THE presidential speech at the opening of parliament on Tuesday was a rare breath of real fresh air: not much of the predictable and rather stale rhetoric on the West and the opposition MDC he repeats like a broken record.
In fact, there was none of the vitriol that we have come to expect from President Robert Mugabe. Instead, he dwelt on the more pressing and pragmatic that the nation faces and set the right tone for the new MPs.
Very few can fault the legislative agenda Mugabe set for the two houses of parliament, encapsulated in the following quote: "The pursuit of sustained economic recovery and growth is uppermost on the government priority list.
In this regard, government will prioritise the implementation of sustainable pro-poor economic development initiatives, hinged on the consolidation of macro-economic stability, and effect the revival of key sectors of agriculture, mining, tourism and manufacturing."
In the words of Portia in William Shakespeare's The Merchant of Venice, these were "Good sentences and well pronounced".
Such remarks should re-energise the financial sector, the oil of the economic engine. Some measures coming will include the amendments to legislation dealing with the insurance and pensions sectors, which are critical to mobilising long-term funds for investment.
More sentences that waxed lyrical in many a business ear were the public-private partnership Bill, particularly critical to mobilising funds for infrastructure.
The Mines and Minerals (Amendment) Bill, an item carried over from the agenda of the last parliament and aimed at harmonising laws to smoothen operations in the country's mining sector, was yet another melody.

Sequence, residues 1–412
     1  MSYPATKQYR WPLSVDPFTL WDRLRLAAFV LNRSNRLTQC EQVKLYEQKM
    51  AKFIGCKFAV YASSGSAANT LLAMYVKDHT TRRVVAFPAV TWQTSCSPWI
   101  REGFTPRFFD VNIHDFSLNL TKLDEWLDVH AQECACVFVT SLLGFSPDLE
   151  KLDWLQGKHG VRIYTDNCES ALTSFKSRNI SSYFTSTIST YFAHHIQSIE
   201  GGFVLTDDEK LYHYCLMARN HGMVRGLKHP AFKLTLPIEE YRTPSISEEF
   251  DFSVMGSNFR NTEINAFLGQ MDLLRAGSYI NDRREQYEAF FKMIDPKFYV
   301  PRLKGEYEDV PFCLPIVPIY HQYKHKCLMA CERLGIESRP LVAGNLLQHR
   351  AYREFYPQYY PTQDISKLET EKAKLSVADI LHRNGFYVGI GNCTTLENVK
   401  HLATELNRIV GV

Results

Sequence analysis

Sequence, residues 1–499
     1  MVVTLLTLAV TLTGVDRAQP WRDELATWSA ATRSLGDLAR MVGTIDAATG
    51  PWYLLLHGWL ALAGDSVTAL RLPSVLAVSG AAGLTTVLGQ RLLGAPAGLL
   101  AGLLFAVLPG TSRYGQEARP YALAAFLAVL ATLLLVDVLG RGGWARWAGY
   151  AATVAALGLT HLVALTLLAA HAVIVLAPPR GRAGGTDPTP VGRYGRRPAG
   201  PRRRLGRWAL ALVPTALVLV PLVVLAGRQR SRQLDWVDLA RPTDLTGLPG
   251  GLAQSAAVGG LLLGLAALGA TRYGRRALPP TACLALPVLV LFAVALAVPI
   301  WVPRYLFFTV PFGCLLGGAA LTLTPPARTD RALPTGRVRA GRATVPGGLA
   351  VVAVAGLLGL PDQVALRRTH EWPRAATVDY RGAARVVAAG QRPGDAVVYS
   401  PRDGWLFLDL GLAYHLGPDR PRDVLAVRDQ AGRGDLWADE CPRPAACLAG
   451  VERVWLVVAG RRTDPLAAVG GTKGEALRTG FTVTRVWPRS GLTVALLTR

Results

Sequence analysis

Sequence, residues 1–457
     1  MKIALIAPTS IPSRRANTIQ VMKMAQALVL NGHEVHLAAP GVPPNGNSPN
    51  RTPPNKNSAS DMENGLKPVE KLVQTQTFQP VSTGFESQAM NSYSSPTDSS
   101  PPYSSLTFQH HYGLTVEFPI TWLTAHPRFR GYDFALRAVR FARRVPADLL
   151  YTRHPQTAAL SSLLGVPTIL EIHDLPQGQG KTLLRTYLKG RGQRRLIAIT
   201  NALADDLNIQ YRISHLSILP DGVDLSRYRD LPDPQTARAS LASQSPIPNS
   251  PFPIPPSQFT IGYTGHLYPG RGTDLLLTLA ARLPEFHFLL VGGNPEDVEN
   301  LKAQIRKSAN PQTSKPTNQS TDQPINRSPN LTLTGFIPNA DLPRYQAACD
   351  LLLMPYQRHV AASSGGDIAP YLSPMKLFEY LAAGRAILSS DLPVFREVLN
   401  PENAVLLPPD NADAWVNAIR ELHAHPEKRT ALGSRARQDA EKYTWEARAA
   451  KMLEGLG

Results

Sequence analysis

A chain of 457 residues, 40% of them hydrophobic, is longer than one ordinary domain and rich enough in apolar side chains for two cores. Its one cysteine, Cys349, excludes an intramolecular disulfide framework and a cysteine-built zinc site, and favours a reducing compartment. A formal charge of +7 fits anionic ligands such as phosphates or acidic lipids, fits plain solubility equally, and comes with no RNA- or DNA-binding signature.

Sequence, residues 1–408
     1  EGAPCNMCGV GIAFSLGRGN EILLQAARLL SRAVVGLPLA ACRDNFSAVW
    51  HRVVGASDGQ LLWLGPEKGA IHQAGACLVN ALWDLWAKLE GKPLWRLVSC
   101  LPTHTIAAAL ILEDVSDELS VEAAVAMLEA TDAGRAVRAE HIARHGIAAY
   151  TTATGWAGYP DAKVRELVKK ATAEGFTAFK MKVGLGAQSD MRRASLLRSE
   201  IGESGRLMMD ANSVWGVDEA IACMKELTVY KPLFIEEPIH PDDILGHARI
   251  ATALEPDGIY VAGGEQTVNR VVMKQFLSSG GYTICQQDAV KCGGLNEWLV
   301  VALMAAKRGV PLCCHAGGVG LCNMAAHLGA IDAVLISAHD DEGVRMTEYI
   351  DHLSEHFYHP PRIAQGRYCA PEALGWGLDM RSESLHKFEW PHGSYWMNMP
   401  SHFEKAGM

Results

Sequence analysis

The same applies to the declaration of intent to resuscitate agriculture, including the setting up of the long overdue commodities exchange which will provide efficient price mechanism for agricultural products.
One only has to look at the deadlock between cotton farmers and ginners to appreciate the importance of this. Small-scale maize producers will also like this development.
The Land Commission is equally important and one of the things it should deal with is how land can be collateralised through 99-year leases or something similar.
However, agenda-setting is one thing and execution quite another. If you put the cart before the horse, despite having horses stronger than George Orwell's Boxer in Animal Farm, you simply won't get anywhere.
While the president enunciated all the major things that need to be sorted out before the economy can get back on track, he did not, however, give an indication on the order of priority and times lines.
Naturally, we expect that when cabinet gets to meet, this is what they should do: shortlist what are the first things that need to be done first. One of the top priorities must be power generation. The three key pillars of Zimbabwe's economy, mining, agriculture and manufacturing, are huge power consumers.
Therefore, if indeed Zanu PF's Chinese friends have committed themselves to the Batoka, Kariba and Hwange power projects, they should be spurred on into executing these as a matter of urgency.
As for the Land Commission, a mechanism must be set up as to how land can be collateralised. In reality, the good sentences we have heard from Mugabe can only be useful through execution.